"Leslie, can you pleeeeaseeeee help us climb that tree? We'll be your best friend forever." Well, I was not about to turn down a best friend forever so I decided to help the children climb the tree.
Before we started, I explained that we could do this activity because I was right here to help, and that it could be potentially dangerous if we did not be careful. I picked up the first child and he put his foot on the first branch and grabbed on to the higher branches. I kept my hands on his waist as he climbed up the branches. He was so excited and yelled to the children around the fire and said, "Look guys I'm up here in the tree, I did it!" Before he even made it down, I had a line of children looking at me with anxious eyes.
The next little girls climbed up, but was nervous. I asked her if she wanted to come down but she said, "No, just don't let me go." I kept my hands on her the entire time and was so proud that not only did she step out of her comfort zone, but she trusted me. She asked if I could take her picture, so I had one of the children on the ground take my phone and take one. When she came down from the tree she jumped up and down and yelled, "I did it! I did it!"
One after one, I helped them climb up the tree and we took their picture. Some were more comfortable than others so I asked them if I could take a step back. If I felt that they were able to climb hands free, I stepped back and just spotted. The children cheered each other on and helped tell them what branch they should put their feet next.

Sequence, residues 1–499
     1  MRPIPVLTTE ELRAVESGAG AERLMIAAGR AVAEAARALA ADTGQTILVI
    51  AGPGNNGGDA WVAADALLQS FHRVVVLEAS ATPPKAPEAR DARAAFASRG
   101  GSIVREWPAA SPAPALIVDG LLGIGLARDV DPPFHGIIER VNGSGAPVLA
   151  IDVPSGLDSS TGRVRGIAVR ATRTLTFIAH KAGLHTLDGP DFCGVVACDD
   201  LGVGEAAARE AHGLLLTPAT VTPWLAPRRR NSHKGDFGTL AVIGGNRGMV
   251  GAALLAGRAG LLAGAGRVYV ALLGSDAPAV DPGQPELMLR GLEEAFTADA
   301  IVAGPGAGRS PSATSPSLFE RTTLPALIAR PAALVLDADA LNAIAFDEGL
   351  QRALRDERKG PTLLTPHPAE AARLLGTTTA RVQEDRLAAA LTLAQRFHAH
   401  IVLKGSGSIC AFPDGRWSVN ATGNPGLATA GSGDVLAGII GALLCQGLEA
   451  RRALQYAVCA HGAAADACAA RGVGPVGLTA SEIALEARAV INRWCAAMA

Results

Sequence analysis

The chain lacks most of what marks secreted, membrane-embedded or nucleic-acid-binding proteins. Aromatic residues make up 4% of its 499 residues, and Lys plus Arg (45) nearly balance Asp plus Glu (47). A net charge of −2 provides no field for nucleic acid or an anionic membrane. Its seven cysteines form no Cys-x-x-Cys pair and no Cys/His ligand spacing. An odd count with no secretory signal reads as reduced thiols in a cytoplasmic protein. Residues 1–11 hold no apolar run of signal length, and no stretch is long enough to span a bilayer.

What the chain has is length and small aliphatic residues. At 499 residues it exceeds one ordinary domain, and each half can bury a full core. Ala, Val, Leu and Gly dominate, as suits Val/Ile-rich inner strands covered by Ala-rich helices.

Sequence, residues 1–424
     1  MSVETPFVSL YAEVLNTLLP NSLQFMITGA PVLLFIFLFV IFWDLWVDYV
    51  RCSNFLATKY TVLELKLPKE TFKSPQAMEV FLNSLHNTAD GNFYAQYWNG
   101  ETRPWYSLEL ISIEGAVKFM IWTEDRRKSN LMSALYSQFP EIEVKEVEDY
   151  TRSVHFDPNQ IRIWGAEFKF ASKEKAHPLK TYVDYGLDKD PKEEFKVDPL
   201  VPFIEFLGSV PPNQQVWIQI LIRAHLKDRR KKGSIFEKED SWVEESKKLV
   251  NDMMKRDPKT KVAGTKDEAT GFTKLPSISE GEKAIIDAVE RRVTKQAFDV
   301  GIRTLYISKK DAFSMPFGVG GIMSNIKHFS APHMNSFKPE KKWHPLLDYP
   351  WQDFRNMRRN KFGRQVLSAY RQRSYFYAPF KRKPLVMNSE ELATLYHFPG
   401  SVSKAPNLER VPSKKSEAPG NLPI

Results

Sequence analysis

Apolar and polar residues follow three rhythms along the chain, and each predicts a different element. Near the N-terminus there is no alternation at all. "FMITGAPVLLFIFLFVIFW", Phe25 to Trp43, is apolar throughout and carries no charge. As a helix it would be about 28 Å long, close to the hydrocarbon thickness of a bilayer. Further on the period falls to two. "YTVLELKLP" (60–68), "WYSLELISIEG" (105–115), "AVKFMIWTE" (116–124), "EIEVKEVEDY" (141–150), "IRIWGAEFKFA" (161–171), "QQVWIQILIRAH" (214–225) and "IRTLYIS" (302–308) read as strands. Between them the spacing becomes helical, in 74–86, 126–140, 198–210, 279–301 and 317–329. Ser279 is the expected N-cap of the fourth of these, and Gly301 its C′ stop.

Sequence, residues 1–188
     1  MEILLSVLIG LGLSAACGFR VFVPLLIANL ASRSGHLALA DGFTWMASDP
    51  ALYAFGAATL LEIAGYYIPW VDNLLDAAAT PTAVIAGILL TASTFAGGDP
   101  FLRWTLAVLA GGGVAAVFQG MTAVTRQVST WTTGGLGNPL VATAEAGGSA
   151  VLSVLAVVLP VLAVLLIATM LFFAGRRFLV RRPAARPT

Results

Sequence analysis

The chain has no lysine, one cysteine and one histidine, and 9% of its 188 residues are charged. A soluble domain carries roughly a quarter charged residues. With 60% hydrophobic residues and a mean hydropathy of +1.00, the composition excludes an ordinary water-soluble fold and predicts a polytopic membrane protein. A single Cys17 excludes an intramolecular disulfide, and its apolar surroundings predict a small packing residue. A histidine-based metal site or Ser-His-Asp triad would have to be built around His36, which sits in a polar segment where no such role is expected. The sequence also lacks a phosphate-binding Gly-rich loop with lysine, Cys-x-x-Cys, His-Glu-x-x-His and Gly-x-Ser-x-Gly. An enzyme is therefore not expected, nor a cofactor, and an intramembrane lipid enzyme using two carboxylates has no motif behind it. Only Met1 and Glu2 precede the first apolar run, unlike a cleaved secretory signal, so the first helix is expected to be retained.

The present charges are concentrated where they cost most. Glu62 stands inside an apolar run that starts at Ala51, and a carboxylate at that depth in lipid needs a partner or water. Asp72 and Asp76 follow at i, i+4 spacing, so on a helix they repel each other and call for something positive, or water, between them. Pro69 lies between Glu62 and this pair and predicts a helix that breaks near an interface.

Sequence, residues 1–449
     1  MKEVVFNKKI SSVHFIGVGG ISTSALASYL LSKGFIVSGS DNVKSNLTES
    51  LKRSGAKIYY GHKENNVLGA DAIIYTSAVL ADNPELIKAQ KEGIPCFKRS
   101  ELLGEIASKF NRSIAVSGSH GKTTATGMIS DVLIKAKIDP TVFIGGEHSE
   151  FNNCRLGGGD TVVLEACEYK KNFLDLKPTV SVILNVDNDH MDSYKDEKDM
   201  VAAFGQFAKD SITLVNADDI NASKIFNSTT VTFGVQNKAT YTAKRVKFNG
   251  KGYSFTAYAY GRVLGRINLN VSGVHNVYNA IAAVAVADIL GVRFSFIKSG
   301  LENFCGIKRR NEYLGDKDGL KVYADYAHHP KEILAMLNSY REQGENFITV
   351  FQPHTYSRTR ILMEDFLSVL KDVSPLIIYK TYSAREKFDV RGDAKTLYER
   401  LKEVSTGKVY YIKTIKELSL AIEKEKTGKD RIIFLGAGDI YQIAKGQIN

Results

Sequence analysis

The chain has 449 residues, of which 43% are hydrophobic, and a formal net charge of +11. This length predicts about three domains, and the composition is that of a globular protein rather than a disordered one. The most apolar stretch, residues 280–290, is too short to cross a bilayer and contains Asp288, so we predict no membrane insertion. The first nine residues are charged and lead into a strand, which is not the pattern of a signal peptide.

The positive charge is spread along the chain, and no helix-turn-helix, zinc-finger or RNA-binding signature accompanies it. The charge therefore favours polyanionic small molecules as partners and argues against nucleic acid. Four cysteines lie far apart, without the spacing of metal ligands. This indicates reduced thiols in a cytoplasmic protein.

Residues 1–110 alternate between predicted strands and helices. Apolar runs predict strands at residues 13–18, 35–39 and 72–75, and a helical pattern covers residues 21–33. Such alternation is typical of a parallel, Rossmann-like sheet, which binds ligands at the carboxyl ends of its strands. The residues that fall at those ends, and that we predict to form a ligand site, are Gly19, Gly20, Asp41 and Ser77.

So how exactly are children benefiting from climbing trees?
There has always been a big debate whether tree climbing is safe or not, and many centers do not allow it. It is our duty as early childhood professionals to ensure the safety of all the children who are in our care. Our duty also involves providing children with age appropriate risks and challenges to further their development and learning. Parents and child care professionals must spend time explaining what makes certain activities potentially dangerous, and how we can make sure we are safe. When children participate in a potentially dangerous activity it allows them to build their confidence and self esteem. Every time one of the children made it up the tree I knew they had such a sense of pride and accomplishment. Even the ones that did not think they could do it, learned they were capable.
Tree climbing helps build Cognitive Development by trial & error and problem solving, along with Social Development by contributing positively to a group. The children on the ground would help their friend by telling them which branches to avoid and reassure them with cheers of encouragement. Climbing trees is a perfect example of a gross motor activity as well. Gross motor skills help with body/muscle development, coordination, balance, & promote a healthy lifestyle!
A few facts about our Tree Climbing Adventure
- The children only climbed about 4 feet off the ground.
- No child was injured during this activity
- We plan on doing this again in the very near future (children's request!)
- Every child ate their entire lunch that day!